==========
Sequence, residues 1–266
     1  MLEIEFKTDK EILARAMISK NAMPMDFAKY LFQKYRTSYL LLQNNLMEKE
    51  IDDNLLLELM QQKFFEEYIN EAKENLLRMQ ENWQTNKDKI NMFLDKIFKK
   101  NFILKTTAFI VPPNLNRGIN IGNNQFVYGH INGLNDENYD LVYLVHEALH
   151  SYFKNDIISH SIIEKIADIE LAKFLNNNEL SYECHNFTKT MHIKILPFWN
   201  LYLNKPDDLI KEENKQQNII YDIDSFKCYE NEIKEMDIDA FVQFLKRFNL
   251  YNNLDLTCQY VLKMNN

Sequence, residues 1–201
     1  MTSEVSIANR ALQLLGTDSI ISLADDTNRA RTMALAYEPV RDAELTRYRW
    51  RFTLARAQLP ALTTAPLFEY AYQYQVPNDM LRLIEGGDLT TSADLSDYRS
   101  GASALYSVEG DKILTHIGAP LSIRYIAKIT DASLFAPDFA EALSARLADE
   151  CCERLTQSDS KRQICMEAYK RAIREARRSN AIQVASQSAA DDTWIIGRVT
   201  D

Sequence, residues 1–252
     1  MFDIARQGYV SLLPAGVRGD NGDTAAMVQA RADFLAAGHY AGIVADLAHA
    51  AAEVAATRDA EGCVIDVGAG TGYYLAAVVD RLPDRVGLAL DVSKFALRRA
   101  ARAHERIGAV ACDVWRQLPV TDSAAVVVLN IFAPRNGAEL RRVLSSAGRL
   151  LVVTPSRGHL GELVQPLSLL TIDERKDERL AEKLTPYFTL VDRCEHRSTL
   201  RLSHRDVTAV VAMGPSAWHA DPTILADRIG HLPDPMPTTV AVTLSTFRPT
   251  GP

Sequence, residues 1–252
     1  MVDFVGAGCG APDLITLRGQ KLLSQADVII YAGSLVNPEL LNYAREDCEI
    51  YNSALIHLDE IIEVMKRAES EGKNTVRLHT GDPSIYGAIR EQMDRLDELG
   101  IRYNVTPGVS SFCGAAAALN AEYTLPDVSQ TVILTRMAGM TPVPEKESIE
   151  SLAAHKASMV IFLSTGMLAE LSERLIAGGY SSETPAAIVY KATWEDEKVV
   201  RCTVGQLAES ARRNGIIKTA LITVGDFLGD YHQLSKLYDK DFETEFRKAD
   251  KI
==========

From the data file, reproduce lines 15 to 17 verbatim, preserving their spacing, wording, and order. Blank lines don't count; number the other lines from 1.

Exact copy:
     1  MFDIARQGYV SLLPAGVRGD NGDTAAMVQA RADFLAAGHY AGIVADLAHA
    51  AAEVAATRDA EGCVIDVGAG TGYYLAAVVD RLPDRVGLAL DVSKFALRRA
   101  ARAHERIGAV ACDVWRQLPV TDSAAVVVLN IFAPRNGAEL RRVLSSAGRL